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Yes, we're still waiting to read Palin's e-mails

McCain 2008 Palin
The office of Gov. Sarah Palin says it has spent more than $450,000 trying to round up her e-mails.Jake Roth / AP
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As Gov. Sarah Palin prepares to leave office, the wait for her e-mails will outlive her.

Thirteen requests for her e-mails, made under state records laws before the November 2008 presidential election, are still pending, according to the acting Alaska attorney general, Richard A. Svobodny.

When it first received the requests, the office of the Republican vice-presidential nominee quoted prices as high as $15 million for copies of state e-mails — not even counting the copying cost. It since has come down, quoting costs more in the range of $5,000 to $10,000 for the larger requests.

State officials said their electronic records system was too dysfunctional to allow them to search, retrieve and provide the records in electronic form.

The state has spent more than $450,000 in staff time searching for e-mails sent and received by Palin, according to a June 16 letter from Svobodny. He was granting yet another extension on the normal 10-day period for responding to public records requests. That extension expires July 31, which will be one week after Palin leaves office. More extensions are expected.

"While I am sympathetic to the need to provide public records as quickly as possible," Svobodny wrote, "I note that in this situation the state — first the agency holding the records and then the Department of Law reviewing them — has been overwhelmed by the numerous and extensive public records requests submitted by various persons and entities since last fall.

"For example, in the last eight months the Department of Law has devoted over 4,000 hours to providing legal review and advice on public records requests at a cost to the state of over $450,000. To put that in context, over those eight months the Department has had the full time equivalent of four people working on public records requests to the exclusion of their normal duties. This effort is unprecedented, unexpected and unbudgeted. The Department of Law, already operating with diminished staff due to the hiring freeze compelled by the recent downturn in state revenues and only recently rescinded, could not have done more."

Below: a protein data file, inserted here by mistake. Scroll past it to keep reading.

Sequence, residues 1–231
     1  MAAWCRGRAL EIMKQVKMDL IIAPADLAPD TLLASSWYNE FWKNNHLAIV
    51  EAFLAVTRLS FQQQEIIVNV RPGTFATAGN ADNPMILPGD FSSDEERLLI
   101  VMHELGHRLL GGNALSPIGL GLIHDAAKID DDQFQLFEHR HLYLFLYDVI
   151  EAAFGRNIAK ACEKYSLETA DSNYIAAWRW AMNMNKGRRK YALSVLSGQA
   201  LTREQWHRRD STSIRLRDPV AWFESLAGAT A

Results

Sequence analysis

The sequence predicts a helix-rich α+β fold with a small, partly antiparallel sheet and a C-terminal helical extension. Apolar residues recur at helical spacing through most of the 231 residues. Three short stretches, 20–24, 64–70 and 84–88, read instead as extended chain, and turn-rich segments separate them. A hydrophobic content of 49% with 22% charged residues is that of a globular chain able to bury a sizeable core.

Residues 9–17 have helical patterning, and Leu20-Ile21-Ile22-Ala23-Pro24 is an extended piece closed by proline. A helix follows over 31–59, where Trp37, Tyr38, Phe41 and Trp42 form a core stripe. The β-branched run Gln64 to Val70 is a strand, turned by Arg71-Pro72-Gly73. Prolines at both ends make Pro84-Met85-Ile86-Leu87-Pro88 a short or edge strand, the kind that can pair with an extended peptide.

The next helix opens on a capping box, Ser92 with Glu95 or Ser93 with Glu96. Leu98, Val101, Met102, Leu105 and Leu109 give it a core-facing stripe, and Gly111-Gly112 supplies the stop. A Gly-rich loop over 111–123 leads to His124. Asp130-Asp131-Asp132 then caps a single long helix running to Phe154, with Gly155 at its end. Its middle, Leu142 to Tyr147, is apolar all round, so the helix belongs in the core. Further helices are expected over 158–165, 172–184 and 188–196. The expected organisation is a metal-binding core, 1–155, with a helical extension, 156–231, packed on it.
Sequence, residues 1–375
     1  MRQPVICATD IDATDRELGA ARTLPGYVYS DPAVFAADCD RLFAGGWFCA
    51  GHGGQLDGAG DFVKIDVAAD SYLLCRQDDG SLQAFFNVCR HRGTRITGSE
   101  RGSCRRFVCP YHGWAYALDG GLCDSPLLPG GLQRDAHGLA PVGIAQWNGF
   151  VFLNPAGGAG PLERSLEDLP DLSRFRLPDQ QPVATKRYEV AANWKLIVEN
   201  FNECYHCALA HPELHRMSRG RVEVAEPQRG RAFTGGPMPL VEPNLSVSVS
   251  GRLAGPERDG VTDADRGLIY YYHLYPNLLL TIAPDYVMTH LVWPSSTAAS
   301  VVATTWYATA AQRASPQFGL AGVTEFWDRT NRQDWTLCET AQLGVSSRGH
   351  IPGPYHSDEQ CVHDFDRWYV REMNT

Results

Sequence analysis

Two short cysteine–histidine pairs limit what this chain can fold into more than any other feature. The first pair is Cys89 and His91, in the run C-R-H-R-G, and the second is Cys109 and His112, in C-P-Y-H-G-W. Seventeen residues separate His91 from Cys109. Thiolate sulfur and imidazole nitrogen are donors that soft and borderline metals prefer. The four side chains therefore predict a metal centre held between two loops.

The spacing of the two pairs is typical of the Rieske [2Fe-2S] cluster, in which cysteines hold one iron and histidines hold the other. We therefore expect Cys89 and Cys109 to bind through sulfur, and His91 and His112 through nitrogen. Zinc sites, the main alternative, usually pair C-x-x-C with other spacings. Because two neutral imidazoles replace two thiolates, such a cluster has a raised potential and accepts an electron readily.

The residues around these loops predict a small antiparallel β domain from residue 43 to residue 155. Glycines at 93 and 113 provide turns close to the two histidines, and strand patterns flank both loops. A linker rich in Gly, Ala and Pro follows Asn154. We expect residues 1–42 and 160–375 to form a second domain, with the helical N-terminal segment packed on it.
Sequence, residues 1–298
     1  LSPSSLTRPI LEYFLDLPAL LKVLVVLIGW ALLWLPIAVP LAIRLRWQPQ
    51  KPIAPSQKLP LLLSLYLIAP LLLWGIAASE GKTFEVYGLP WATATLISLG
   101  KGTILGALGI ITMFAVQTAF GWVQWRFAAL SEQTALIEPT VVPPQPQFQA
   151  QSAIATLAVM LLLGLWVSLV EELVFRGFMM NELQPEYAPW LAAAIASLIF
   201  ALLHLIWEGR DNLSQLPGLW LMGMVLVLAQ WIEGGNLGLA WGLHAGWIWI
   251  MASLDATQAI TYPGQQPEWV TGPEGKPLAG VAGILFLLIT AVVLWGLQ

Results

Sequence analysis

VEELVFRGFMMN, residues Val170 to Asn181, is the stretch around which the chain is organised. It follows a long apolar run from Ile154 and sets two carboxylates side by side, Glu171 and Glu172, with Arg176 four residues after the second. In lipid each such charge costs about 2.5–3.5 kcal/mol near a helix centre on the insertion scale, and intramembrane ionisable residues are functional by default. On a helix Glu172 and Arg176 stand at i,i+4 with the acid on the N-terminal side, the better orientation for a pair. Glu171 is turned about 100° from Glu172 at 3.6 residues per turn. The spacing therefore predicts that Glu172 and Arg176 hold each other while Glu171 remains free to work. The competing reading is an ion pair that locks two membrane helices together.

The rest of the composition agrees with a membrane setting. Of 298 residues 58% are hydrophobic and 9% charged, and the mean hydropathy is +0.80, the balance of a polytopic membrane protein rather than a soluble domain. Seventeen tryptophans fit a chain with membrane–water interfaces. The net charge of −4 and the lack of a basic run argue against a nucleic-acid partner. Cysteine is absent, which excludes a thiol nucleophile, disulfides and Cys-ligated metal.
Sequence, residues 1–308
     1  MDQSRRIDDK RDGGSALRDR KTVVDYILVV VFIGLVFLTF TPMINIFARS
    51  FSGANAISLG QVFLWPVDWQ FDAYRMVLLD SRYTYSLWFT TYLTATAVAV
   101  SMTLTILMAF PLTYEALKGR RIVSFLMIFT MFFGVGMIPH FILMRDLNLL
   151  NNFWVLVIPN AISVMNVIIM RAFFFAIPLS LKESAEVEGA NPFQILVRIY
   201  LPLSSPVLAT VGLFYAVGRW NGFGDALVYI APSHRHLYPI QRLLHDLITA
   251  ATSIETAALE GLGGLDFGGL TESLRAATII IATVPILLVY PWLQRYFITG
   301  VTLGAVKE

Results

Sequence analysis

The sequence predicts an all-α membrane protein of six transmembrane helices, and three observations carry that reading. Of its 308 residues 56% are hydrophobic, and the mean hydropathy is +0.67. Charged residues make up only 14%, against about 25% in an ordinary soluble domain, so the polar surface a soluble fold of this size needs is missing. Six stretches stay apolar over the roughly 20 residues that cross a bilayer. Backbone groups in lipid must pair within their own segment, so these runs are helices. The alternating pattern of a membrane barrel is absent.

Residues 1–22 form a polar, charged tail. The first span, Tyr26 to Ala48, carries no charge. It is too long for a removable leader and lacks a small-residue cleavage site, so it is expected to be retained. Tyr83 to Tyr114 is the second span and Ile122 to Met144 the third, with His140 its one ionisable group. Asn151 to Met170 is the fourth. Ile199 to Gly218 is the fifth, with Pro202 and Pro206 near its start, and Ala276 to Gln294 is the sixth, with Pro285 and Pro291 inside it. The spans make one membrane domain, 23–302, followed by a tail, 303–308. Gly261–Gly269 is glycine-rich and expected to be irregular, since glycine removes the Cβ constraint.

The requesters of the records include, the Associated Press, Mother Jones magazine, the Anchorage Daily News, the Juneau Empire, NBC News, and CNN, as well as several citizen activists and the Alaska Democratic Party.

They sought e-mails about state environmental decisions, oil policy, the Troopergate investigations, the role of her husband in state decisions, and many other issues.

The records include e-mail sent between the governor and her staff not only on their official e-mail accounts but also on their private Yahoo accounts. Palin and many of her staff were using private accounts. But state courts since have ruled that the correspondence between government officials, about government business, are public records, whether they use their government e-mail accounts or private ones.

In her statement on Friday, Palin decried the cost and time required to respond to ethics investigations and public records requests.

"The State has wasted thousands of hours of your time and shelled out some two million of your dollars to respond to 'opposition research' — that's money not going to fund teachers or troopers — or safer roads," Palin said.

More details are in our earlier story on Want Palin's e-mails? That'll be $15 million.

You can read all the requests for records, and the initial responses of Gov. Palin's office in this PDF file.